Brown filed an appeal with the Georgetown Civil Service Commission on November 15. See id. § 143.053(b) (providing that officer may appeal disciplinary suspension to commission); id. § 143.010(a) (requiring officer to file appeal with commission within ten days after action occurred). On November 21, appellee Elizabeth Jones, the interim civil service director, informed Brown that the Commission was denying her request for appeal because her termination “was not disciplinary in nature, but was based on [her] inability to meet the requirements of the position of Police Officer.” According to Jones, “[b]ecause this termination was not based on disciplinary action, a hearing under the civil service statute is not available to [Brown].”
Brown then filed this lawsuit against the City of Georgetown, Chief Nero in his official capacity, Jones in her official capacity, and Paul Brandenburg in his official capacity as city manager. She sought relief under the Uniform Declaratory Judgments Act, see generally Tex. Civ. Prac. & Rem.Code §§ 37.001–.011, asking the court to declare, among other things, that her termination was a disciplinary action triggering appeal rights under the Civil Service Act and that the defendants violated the Act when they terminated Brown based on the same alleged conduct already ruled on by the hearing examiner. Brown also sought a writ of mandamus ordering Nero and Brandenburg to reinstate her and to give her back pay and benefits. In the alternative, Brown asked the court to order the defendants to allow her to appeal her termination to the Commission.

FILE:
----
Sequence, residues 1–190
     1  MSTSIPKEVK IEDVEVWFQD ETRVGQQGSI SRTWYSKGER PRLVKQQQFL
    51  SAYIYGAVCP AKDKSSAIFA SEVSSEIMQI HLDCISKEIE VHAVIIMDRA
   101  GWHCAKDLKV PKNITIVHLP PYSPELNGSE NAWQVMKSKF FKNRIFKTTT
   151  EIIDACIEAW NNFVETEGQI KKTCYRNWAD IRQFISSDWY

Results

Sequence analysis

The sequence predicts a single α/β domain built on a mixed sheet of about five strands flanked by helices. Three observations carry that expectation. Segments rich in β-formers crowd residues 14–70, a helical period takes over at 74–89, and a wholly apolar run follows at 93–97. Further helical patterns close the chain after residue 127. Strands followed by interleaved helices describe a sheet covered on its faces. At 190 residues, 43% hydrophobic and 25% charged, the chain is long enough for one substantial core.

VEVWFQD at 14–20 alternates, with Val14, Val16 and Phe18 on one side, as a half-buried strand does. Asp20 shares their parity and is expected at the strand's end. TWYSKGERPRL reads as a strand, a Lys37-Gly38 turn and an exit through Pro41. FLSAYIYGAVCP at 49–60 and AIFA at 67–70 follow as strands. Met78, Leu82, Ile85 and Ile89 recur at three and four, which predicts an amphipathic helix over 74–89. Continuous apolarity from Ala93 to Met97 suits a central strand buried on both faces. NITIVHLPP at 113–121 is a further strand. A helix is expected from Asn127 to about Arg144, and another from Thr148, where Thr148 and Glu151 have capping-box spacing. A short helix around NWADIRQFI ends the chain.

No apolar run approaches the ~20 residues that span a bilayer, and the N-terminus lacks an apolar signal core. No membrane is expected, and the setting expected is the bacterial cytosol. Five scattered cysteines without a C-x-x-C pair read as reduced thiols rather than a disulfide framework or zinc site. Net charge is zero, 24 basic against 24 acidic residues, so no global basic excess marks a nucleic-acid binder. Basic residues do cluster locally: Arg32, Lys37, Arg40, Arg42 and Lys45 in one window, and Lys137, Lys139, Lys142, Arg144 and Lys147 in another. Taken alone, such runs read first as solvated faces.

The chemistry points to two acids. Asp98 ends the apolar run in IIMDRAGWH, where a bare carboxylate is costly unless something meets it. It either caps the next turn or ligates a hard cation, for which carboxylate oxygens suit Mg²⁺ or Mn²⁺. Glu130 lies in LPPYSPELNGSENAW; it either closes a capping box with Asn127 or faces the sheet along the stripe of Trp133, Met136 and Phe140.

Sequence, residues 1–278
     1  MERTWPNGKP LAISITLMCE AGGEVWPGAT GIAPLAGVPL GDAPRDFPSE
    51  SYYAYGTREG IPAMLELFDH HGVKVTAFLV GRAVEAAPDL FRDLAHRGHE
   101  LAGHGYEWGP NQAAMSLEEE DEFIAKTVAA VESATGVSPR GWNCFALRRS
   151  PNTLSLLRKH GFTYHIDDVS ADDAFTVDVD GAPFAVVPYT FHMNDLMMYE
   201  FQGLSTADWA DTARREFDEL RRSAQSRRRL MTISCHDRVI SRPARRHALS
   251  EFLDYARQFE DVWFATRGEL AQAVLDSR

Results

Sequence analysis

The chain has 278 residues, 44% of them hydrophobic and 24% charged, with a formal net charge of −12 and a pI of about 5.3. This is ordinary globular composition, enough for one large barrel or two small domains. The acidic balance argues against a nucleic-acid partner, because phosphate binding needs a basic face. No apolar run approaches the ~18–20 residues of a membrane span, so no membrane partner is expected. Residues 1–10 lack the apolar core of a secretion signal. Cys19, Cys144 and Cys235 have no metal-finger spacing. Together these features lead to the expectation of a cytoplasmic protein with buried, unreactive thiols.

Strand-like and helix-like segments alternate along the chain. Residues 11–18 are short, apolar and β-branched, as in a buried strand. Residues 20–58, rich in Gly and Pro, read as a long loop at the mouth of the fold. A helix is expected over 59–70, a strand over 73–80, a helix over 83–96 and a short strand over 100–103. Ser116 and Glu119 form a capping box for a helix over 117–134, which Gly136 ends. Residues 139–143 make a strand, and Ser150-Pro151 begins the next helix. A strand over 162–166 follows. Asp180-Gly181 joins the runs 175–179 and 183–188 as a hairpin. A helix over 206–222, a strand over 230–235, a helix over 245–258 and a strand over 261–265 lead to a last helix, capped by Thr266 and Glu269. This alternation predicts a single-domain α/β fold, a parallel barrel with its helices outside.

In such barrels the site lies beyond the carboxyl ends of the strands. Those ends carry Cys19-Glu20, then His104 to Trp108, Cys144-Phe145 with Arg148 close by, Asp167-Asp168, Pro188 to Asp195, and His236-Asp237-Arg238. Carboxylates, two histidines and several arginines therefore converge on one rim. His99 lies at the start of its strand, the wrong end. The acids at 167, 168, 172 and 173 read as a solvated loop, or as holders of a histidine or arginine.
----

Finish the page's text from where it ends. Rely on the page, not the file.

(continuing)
The defendants filed a plea to the jurisdiction, arguing that Brown had failed to establish a justiciable claim and had not invoked the district court's jurisdiction under the Civil Service Act because the Act grants officers no right to appeal a non-disciplinary termination. The trial court granted the defendants' plea, and this appeal followed.
The threshold question in this case is whether Brown's termination was a disciplinary suspension that she was entitled to appeal under the Civil Service Act. The trial court decided this question in the negative when it granted the defendants' plea to the jurisdiction. The only ground advanced in the plea was that the Act did not give the Commission jurisdiction over Brown's appeal of a non-disciplinary suspension and, therefore, the trial court did not have jurisdiction to consider her claims. Because the relevant underlying facts are undisputed, we will review de novo the question of whether the Civil Service Act entitled Brown to appeal her suspension to the Commission. See First Am. Title Ins. Co. v. Combs, 258 S.W.3d 627, 631 (Tex.2008) (“The construction of a statute is a question of law we review de novo.”); Texas Comm'n on Envtl. Quality v. Bonser–Lain, 438 S.W.3d 887, 893 (Tex.App.–Austin 2014, no pet.) (court of appeals reviews trial court's ruling on plea to the jurisdiction de novo).